Several emergency vehicles responded to a fatal motor vehicle collision about 20 kilometres west of Salmon Arm. (Jim Elliot/Salmon Arm Observer)

Six deadly crashes on B.C. highways prompt police warning

Crashes in Chetwynd, Lytton, North Vancouver, the Shuswap, near Prince George and near Squamish

It was a deadly weekend on B.C. highways, as six people were killed in separate crashes.

The six fatal collisions spanned from Thursday to Monday, police said, and spared no part of B.C.

Chetwynd RCMP were called on Thursday after a man driving his F150 down Highway 29 went off the road, was ejected from his truck and died.

The next day, a woman died in Lytton after pulling out onto the highway right in front of another vehicle.

On Saturday, a man died after his vehicle veered into oncoming traffic in North Vancouver.

Sunday saw two killed in separate incidents after a Surrey woman crossed the centre line of the Sea-to-Sky highway north of Squamish, and a man driving a Ford pickup truck veered into the opposing lane on Highway 1 near Salmon Arm.

READ MORE: Family of Surrey woman killed in Sea-to-Sky crash wants to fulfil her dying wish

READ MORE: Man killed in Highway 1 crash west of Salmon Arm

The sixth crash took place just after midnight Monday when a pickup truck carrying three people crossed a centre line on Highway 97 south of Prince George, killing the driver.

“It’s a sad coincidence that we’ve had this cluster of crashes,” Cpl. Mike Halskov of the RCMP’s traffic division said.

The crashes were caused by simple mistake, he said, including the drivers who misjudged something and pulled out in front of another car.

Halskov couldn’t comment on what caused four of the drivers to veer into incoming traffic, but noted drugs and alcohol had not yet been ruled out for several of them.

He warned drivers to check the forecast at not only their starting point and destination, but along the way, too.

“As the weather changes as we get closer and closer to winter, we’re asking all drivers to be mindful of rapidly changing road conditions,” he said. “It might be sunny in the Lower Mainland, but snowing up north.”

Anyone heading out on a long drive should make sure their car is up for it.

Police recommend winter tires for inter-city drives, but tires rated for snow, with either a snowflake and mountain or “M+S” symbol, are legally required on most B.C. highways.

Halskov also warned drivers to make sure their brakes, coolant and wiper fluid were all in good order, as well as to defog their windows before heading out.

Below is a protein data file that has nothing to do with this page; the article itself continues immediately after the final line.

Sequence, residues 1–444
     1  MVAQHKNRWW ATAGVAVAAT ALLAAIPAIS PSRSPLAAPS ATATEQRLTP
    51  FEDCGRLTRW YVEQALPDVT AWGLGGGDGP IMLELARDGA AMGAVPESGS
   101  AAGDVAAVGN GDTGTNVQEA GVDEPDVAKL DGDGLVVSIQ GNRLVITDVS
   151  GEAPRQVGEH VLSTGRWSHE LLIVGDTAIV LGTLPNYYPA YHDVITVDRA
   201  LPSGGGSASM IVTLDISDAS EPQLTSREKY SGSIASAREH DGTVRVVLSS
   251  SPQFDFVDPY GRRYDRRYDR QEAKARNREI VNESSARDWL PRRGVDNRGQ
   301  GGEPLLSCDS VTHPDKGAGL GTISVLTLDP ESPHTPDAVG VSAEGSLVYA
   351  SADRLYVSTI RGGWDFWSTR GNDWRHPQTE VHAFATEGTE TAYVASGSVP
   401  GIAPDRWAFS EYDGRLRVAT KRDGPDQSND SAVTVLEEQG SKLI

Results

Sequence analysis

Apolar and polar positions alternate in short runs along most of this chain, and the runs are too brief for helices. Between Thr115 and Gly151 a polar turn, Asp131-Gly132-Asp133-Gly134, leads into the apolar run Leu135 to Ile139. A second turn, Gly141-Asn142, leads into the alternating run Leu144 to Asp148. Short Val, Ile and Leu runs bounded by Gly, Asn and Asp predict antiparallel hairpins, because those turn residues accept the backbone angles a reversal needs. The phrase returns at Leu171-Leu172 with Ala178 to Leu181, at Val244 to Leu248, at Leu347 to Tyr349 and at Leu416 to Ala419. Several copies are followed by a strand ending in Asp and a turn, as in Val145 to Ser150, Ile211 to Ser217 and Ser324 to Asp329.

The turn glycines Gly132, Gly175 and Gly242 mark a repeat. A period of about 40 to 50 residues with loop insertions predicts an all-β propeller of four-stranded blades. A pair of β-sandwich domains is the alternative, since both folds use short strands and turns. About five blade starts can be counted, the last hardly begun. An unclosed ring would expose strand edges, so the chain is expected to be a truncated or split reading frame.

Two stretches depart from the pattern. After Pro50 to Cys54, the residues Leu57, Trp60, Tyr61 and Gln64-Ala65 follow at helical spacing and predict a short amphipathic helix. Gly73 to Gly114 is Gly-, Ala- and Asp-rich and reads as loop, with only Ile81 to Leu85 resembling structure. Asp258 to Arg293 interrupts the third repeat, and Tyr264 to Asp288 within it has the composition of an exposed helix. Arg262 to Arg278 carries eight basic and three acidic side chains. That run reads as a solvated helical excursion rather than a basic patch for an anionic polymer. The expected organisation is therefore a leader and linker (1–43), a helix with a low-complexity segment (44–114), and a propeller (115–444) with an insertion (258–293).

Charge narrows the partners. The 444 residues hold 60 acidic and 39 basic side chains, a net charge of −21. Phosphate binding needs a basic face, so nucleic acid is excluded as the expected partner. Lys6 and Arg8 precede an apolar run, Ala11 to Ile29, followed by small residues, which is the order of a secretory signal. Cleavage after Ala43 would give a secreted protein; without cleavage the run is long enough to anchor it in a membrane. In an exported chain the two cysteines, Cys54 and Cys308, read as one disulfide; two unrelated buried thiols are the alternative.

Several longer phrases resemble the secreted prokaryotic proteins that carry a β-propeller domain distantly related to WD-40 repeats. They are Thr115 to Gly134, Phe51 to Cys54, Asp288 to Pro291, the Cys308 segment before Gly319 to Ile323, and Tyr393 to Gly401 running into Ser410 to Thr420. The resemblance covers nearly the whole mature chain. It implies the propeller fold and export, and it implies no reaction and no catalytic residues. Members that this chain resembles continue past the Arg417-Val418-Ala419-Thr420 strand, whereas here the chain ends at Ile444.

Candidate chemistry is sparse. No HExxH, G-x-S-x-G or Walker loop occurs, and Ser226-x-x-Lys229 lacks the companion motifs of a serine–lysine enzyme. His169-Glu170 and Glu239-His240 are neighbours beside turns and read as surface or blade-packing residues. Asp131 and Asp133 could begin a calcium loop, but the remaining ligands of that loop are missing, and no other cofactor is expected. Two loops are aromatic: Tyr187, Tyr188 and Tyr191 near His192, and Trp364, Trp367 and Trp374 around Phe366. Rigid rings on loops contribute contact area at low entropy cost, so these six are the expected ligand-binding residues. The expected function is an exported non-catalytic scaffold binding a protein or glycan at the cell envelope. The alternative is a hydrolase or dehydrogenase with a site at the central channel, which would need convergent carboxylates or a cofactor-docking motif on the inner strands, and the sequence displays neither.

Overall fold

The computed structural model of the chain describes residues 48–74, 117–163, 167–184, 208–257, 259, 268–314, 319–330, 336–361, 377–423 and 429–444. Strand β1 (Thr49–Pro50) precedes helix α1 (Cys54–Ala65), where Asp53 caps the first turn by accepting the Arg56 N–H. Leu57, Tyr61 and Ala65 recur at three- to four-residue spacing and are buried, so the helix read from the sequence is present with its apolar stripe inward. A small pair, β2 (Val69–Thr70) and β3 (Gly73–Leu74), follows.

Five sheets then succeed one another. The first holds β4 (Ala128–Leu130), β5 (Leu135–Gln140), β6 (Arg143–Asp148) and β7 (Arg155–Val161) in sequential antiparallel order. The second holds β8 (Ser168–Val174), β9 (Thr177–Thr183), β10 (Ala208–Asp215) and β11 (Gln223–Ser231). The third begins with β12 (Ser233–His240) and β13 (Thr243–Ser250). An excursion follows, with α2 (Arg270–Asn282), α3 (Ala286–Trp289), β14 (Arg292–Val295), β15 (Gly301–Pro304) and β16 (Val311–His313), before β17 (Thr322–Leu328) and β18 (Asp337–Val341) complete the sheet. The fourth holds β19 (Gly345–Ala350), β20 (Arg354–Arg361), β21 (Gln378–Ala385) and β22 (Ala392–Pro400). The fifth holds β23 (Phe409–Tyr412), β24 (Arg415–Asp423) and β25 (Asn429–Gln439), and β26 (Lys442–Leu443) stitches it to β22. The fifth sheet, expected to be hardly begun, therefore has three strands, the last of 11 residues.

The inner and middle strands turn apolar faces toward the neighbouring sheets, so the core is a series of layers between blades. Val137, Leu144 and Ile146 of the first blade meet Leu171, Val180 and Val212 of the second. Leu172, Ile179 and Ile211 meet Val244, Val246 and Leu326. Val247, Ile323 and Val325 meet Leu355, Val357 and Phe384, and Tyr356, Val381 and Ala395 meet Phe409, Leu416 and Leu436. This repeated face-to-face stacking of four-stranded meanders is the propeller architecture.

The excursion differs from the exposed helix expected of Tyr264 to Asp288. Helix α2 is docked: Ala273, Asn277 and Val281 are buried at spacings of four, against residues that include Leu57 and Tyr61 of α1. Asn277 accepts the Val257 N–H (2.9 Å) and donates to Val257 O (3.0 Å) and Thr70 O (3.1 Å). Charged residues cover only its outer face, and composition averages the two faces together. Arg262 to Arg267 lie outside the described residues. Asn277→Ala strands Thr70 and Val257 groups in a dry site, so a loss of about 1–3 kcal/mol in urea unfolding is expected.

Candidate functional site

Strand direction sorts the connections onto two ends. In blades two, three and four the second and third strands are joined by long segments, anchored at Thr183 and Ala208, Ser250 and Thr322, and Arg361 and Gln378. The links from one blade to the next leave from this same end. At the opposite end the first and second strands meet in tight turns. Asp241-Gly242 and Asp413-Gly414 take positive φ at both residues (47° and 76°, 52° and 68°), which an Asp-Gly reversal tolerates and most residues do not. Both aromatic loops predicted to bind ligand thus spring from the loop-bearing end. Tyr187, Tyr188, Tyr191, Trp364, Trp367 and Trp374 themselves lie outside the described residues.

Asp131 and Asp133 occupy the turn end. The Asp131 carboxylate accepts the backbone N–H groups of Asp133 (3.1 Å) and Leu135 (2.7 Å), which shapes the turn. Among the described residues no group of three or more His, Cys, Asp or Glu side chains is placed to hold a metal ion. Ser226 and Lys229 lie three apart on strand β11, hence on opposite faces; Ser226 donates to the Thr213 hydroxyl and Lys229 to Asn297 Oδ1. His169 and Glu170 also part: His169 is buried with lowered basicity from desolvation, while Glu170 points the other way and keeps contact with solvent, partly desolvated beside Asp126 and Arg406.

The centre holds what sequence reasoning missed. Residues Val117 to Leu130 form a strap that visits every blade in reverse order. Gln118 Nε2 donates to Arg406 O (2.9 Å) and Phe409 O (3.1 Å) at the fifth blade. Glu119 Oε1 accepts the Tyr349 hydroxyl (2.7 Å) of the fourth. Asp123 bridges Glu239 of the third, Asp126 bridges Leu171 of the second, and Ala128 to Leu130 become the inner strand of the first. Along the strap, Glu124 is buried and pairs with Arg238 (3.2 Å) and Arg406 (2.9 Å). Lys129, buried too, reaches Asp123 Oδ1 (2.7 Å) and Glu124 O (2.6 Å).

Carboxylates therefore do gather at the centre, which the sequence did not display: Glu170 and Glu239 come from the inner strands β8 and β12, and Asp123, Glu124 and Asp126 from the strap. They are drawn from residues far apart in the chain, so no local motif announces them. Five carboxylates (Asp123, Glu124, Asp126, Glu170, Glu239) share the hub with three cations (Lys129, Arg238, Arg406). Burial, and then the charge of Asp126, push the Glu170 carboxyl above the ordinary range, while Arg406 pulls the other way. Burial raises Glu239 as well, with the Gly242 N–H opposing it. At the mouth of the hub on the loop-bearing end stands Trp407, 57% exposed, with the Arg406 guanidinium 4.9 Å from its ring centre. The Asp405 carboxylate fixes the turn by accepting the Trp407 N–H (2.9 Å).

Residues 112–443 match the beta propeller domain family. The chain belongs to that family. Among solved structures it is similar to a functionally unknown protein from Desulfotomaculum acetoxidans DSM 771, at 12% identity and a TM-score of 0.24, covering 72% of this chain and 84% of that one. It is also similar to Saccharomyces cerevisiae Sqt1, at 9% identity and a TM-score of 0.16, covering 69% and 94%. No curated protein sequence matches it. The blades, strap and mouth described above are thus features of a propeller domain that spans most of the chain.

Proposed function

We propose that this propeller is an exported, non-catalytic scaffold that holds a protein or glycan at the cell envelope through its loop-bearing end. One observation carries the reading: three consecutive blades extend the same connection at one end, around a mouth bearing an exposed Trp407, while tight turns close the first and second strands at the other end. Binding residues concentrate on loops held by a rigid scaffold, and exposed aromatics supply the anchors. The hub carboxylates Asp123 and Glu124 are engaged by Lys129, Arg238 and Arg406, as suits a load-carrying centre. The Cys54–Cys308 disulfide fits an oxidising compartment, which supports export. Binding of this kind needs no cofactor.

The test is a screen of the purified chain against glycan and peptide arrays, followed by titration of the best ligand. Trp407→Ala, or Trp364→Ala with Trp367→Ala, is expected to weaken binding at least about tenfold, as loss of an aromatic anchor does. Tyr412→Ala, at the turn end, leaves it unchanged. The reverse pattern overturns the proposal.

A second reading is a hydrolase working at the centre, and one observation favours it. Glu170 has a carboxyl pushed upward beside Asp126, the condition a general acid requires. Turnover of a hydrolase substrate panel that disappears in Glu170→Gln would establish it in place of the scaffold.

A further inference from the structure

“If you’re not comfortable driving, stay home and find an alternate way to get to your destination,” he added.

The same applies for anyone imbibing with either alcohol or cannabis this holiday season.


@katslepian

katya.slepian@bpdigital.ca

Like us on Facebook and follow us on Twitter.

Just Posted

Cowichan Valley jazz graduate wins prestigious scholarship

Bassist Brock Meades and drummer Graham Villette get $2,000 Fraser MacPherson Scholarship

Sarah Simpson Column: Getting antsy at the Duncan Days Parade

This story isn’t about bugs although there is totally a bug component.… Continue reading

Red Arrow Tigers stymied by Sox in pitchers’ duel

Parksville takes top spot in regular-season by a single point

Grass Court Classic kicks off tournament season

Grass Court Championship starts July 21

Duncan Grande Parade draws a crowd

Entries old and new enjoyed by a big audience

Canadian high school science courses behind on climate change, says UBC study

Researchers found performance on key areas varies by province and territory

Six inducted into BC Hockey Hall of Fame

The 26th ceremony in Penticton welcomed powerful figures both from on and off the ice

RCMP investigate two shootings in the Lower Mainland

Incidents happened in Surrey, with a victim being treated at Langley Memorial Hospital

CRA program to help poor file taxes yields noticeable bump in people helped

Extra money allows volunteer-driven clinics to operate year-round

Recall: Certain Pacific oysters may pose threat of paralytic shellfish poisoning

Consumers urged to either return affected packages or throw them out

How a Kamloops-born man helped put us on the moon

Jim Chamberlin did troubleshooting for the Apollo program, which led to its success

Sexual harassment complaints soaring amid ‘frat boy culture’ in Canada’s airline industry

‘It’s a #MeToo dumpster fire…and it’s exhausting for survivors’

Most Read